First Sighting !

First Sighting !

Ranthambhore Tiger Reserve !

Most beautiful Indian Bird: Indian Pitta


The Indian Pitta (Pitta brachyuran) is a summer visitor and very common at Ranthambhore. I got first sighting of Indian pitta at water hole near hand pump in zone no. 5 in this session on 31/05/2016 pm while nature guide, Shakir Ali reported the first sighting of Indian pitta at Kundi in zone no.6 in the morning safari on 30/05/2016 .

A resident species, this Pitta breeds in the north and winters down south and can occur almost anywhere on migration. The name Pitta is derived from the Telegu word 'pitta' which means a small bird.

The Stork-billed-kingfisher (Halcyon capensis)

The Stork-billed-kingfisher (Halcyon capensis) is very rare bird at Ranthambhore. It is reported only a few spots such a Gular Kui, Parani near Nal-ghati and Phuta-kot also. I also noted at Ade-Balaji Dam first time on date 21/05/2016 in the morning safari.

It is a tree kingfisher which is widely but sparsely distributed in the tropical Indian subcontinent and Southeast Asia from India to Indonesia. This kingfisher is resident throughout its range.

The common hawk-cuckoo (Hierococcyx varius)

The common hawk-cuckoo (Hierococcyx varius) is a summer visitor and common bird at Ranthambhore. It is reported at Kachida vellay first time in this session by nature guide, Shakir Ali on 2/05/2016 pm.

It is popularly known as the Brain-Fever bird, is a medium-sized cuckoo resident in the Indian subcontinent.

The Asian Paradise Flycatchers (Terpsiphone paradisi)

The Asian Paradise Flycatchers (Terpsiphone paradisi) - also known as the Common Paradise Flycatchers was reported at Phuta-Kot area in the evening game drive on April 29, 2016. It is the first sighting of Asian Paradise Flycatchers in this session. After few days later, we will see more because it is common and summer visitor for Ranthambhore Tiger Reserve. This bird mostly breed from May to July. These birds are monogamous and both share the duties of constructing the nest, incubating the eggs, and feeding and protecting the young.

The Eurasian Golden Oriole (Oriolus oriolus)


My first Eurasian Golden Oriole or simply golden oriole of this year was spotted in the evening safari at Anantpura area near the water point on April 16, 2016.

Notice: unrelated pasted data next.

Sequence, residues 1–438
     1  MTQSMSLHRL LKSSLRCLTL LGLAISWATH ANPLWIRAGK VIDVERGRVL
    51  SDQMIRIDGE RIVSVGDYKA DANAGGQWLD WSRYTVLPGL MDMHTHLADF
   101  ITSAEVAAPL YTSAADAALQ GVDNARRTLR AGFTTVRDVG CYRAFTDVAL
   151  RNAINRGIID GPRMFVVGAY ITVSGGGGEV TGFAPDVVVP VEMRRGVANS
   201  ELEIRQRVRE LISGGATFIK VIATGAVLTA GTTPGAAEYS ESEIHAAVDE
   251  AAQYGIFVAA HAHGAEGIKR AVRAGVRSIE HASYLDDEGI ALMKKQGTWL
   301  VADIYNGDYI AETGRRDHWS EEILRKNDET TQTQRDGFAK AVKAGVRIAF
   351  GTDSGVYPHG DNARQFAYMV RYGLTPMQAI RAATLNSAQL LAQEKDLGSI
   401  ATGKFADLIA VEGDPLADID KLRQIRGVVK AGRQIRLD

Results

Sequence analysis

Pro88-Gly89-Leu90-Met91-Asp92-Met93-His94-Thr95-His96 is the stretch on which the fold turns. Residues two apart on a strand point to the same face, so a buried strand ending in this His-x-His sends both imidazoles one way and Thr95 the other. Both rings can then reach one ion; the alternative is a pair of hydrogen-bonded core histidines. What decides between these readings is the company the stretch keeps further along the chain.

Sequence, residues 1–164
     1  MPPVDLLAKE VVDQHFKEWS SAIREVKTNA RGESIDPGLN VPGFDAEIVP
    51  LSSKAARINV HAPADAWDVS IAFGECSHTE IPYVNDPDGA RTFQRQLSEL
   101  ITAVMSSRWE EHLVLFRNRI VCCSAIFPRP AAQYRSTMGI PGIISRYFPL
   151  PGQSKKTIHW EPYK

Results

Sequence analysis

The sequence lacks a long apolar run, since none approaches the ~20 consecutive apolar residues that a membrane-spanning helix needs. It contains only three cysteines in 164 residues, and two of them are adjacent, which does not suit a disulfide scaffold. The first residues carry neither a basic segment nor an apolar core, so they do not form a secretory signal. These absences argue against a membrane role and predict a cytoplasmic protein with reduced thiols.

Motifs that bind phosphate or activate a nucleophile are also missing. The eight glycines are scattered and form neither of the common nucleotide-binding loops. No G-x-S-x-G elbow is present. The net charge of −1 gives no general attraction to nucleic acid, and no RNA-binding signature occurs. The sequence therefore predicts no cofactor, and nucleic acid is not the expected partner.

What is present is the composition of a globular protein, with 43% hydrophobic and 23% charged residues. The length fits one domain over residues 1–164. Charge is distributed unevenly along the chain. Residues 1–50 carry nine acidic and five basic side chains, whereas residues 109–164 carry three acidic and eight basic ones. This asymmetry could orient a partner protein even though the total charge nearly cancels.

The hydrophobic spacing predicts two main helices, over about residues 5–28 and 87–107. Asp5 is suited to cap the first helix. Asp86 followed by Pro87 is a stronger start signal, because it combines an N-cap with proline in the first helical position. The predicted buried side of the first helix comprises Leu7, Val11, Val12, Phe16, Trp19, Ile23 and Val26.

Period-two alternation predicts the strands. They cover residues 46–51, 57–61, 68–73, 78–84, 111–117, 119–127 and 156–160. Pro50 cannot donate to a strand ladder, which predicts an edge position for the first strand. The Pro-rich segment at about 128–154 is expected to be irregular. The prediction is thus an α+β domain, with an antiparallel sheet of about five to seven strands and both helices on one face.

The Mottled Wood Owl


My first sighting and photograph of the Mottled Wood Owl (Strix ocellata) at Ranthambhore Tiger Reserve. This was photographed at Lahpur area during the morning safari on April 11, 2016. Even though, Mottled wood owl already reported in our park.

I was thrilled to see the Mottled Wood Owl because I have never seen the Mottled wood owl in Ranthambhore Tiger Reserve before it. A Great day ….Thanks God !

The White-bellied Minivet (Pericrocotus erythropygius)

A very rare bird, White-bellied Minivet was reported at zone no.8 in the morning safari on April 12, 2016 by nature guide, Saleem Ali. Read more

The Great Machhali was sighted at Ranthambhore Rd.

The world famous tigress, Machhali or T-16 was spotted once again at Ranthambhore Rd. while she was walking slowly-slowly in the evening time on April 13, 2016. It was really wonderful sighting of Great Machhali after long time.I saw Machhali last time on June 25, 2016.Read more..

The Egyptian vulture (Neophron percnopterus)


My first Egyptian vulture (Neophron percnopterus) of this year, yellow face adult male was spotted at Raj-Bag Lake in the afternoon safari on April 7, 2016. Last year I saw this rare prey bird at zone no. 8. It is very rare in Ranthambhore.

The Egyptian vulture (Neophron percnopterus), also called the white scavenger vulture or pharaoh's chicken. Egyptian vulture was worshiped by pharaohs in Egypt due to its ability to remove garbage and remaining of dead animals. That’s why, Egyptian vulture is also known as "Pharaoh's Chicken".

Egyptian vultures are the smallest of all vultures. They can reach 23 to 28 inches in length and 3.25 to 4.5 pounds of weight. They have a wingspan of 5.6 feet.

Number of Egyptian vultures decreased drastically because of intoxication (they feed on carcasses that can be full of poisons and lead), electrocution (after landing on the electric fences) and avian pox disease. Egyptian vultures are endangered species.

The Bengal fox pair spotted at zone no.6!


For me a Bengal fox- one of the rarest mammals in Ranthambhore Tiger Reserve – but I was so lucky when I saw a pair of Indin fox recently at zone no.6 in Kundal area in the morning of Monday, March 28, 2016. Read More...

The brahminy kite (Haliastur indus)


My first sighting and photograph of the brahminy kite (Haliastur indus) at Ranthambhore Tiger Reserve. During the winter 2015, I was really very lucky when I saw brahminy kite at branch at Malik Lake. It is rare prey bird for Ranthambhore. I really enjoyed the sighting of brahminy kite almost whole winter.

A medium-sized bird of prey, the Brahminy Kite is easily distinguishable from other raptors. It will measure between 45cm and 51cm. The plumage of the kite is predominantly chestnut in colour, hence the name, Red-backed Sea eagle, although this plumage is contrasted by a white head, breast and tail feather tips. The Brahminy Kite also has a yellowish bill.

As with most birds of prey, the Brahminy Kite is an impressive site to behold. The bird is currently under no significant threat, it is really big achievement, so hopefully it has been saved from the fate of possible extinction as suffered by many others.

The Large-Tail Nightjar (Caprimulgus macrurus)


My first sighting and photograph of the Large-Tail Nightjar (Caprimulgus macrurus) at Keoladeo Ghana Bird Sanctuary. This was photographed at bird Sanctuary ( Bharatpur) during the morning safari on January 27, 2011.

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